The continual attacks on the National Environmental Policy Act (NEPA) and the Endangered Species Act have been fairly well publicized. But there is more going on here. The Energy Policy Act of 2005, for example, exempts the oil and gas industry from bedrock water-quality protections provided by the Safe Drinking Water Act as well as the Clean Water Act. In the past few months, the Forest Service has also proposed to exclude a variety of intrusive oil and gas projects from NEPA review. This exclusion comes hot on the heels of comprehensive regulatory revisions to the Forest Planning process that severely limits the public’s right to participation, loosens wildlife protections, and actually sets the stage for later exclusion of all Forest Plans from NEPA.

These are not isolated events. Standing alone, the traditional conservation community cannot hold the line. Local elected officials, business leaders, and activists throughout the West have, however, become increasingly strong allies. In the process, they have opened the door to new strategies and tactics and enhanced the efficacy of traditional, time-tested strategies and tactics.

The Coalition has aggressively engaged the Forest Service planning process, submitting a “Restoration and Protection” alternative grounded in our Core Values; made aggressive use of open government laws; and identified and obtained heavyweight national- and state-level political champions—Governor Bill Richardson, Senator Jeff Bingaman, Representative Tom Udall, Attorney General Patricia Madrid, and, nominally, Representative Heather Wilson—to amplify the voice of local communities. Thus far, nearly 70,000 Americans have submitted comments to the Forest Service demanding permanent protection for the Valle Vidal. Yet, the drilling option somehow remains on the table.

Our efforts have paid dividends and to some extent countered the assault: legislation has been introduced in both the House and Senate to permanently protect the Valle Vidal (S. 1734; H.R. 3817), thanks to Senator Bingaman and Representative Udall; and the waters of the Valle Vidal were recently designated an Outstanding National Resource Water, the highest level of protection under the federal Clean Water Act, thanks in large part to Governor Richardson. The relevance of these efforts to national politics should not be discounted. Governor Richardson is frequently mentioned as a potential 2008 presidential candidate, and the congressional race between Representative Wilson (R) and Attorney General Madrid (D) in NM-01 is one of the most hotly contested races of 2006.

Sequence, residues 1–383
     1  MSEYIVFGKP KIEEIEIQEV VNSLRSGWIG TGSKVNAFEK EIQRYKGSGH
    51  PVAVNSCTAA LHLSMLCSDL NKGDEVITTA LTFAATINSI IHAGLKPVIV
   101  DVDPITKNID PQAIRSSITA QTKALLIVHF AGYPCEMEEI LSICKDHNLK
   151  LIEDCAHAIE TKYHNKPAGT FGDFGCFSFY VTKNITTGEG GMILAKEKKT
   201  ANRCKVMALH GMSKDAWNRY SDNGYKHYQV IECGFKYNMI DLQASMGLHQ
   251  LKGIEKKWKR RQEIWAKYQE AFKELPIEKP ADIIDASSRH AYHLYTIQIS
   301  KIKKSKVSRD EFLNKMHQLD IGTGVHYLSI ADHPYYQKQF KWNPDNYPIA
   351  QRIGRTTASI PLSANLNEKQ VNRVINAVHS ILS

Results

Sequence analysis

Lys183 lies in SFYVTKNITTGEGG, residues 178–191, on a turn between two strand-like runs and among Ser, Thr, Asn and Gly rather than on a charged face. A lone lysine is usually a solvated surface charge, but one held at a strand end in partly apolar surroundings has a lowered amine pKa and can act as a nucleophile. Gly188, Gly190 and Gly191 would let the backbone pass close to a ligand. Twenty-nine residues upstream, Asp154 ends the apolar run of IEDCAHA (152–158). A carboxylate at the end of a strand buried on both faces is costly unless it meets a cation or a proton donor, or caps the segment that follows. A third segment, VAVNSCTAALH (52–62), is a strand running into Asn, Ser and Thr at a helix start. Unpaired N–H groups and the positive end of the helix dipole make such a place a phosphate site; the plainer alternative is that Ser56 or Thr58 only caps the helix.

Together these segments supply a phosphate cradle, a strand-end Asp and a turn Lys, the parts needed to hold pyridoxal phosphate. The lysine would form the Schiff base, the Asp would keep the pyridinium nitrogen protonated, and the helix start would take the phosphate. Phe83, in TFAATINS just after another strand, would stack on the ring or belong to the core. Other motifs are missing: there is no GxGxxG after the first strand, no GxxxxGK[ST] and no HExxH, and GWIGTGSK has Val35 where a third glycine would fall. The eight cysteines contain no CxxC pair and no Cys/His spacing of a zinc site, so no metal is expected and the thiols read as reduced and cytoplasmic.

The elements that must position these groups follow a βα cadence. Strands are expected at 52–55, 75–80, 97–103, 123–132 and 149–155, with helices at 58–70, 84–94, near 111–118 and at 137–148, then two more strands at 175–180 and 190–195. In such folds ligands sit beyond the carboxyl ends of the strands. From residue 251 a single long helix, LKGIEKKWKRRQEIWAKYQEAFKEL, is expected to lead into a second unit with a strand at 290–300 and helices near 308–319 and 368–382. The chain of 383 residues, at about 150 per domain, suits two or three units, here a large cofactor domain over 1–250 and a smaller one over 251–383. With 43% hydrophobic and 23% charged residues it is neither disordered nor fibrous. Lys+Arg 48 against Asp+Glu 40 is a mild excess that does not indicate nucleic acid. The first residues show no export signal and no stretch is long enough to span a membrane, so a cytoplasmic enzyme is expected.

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“The Valle Vidal brings millions every year into our economies.
That money is coming from wildlife watching, hunting, fishing, horseback riding, and camping.
All of these people spend money on their way to and from the Valle Vidal.
We can’t afford to lose that.”


Tracy Boyce
former president of Cimarron Chamber of Commerce
local business owner, Cimarron Village councilor
____________________________________________________________________________________

Who Owns the Public’s Lands?


By far the majority of Americans yearn for clean water, clean air, protected landscapes, and the conservation of wildlife. But if we as a nation don’t tie the protection of water, land, and air to economics and jobs, then we will surely fail to match our desires. Local communities and local economies are the bulwark against the excesses of exploitive capitalism and consequent environmental degradation.

The West has a new economic reality: a long-term shift away from extractive industries and toward recreation and tourism. The all-out drive to drill every bit of public land without factoring in long-term effects on the value of that land to local communities isn’t just environmentally unfriendly, it’s economically insane. To exchange the natural wealth inherent in our landscapes to a one-time hit of corporate profit is a boondoggle of the first order. It’s a national shame that should outrage anyone and everyone across the political spectrum.